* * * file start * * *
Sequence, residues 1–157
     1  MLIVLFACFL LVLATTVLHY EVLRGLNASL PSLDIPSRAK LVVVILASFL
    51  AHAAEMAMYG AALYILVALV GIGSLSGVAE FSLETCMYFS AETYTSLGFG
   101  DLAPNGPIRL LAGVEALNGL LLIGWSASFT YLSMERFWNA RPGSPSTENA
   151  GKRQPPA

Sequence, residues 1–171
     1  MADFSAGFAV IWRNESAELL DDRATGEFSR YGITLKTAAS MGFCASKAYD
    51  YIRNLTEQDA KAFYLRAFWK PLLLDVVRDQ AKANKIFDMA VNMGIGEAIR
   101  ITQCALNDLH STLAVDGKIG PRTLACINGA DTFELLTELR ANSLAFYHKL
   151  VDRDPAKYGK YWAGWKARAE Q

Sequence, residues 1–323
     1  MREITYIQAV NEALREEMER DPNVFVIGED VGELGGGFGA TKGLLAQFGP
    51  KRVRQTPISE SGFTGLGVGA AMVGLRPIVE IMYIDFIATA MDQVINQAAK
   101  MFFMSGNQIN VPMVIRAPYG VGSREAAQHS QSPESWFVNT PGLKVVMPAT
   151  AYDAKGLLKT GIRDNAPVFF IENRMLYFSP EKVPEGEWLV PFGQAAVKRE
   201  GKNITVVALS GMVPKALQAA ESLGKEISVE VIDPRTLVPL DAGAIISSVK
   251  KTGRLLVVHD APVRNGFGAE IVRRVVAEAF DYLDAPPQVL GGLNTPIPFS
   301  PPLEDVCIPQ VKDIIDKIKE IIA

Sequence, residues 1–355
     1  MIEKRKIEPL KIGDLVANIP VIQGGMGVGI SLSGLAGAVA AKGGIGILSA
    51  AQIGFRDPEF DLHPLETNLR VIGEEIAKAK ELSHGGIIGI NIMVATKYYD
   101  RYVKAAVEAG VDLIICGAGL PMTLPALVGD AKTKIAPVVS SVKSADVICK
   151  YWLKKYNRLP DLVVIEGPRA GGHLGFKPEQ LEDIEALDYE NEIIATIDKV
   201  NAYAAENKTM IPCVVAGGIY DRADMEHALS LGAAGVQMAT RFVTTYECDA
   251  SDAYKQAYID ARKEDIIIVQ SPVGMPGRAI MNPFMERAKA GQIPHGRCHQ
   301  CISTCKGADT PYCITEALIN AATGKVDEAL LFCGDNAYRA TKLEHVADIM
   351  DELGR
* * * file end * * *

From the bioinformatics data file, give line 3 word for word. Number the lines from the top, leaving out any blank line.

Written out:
    51  AHAAEMAMYG AALYILVALV GIGSLSGVAE FSLETCMYFS AETYTSLGFG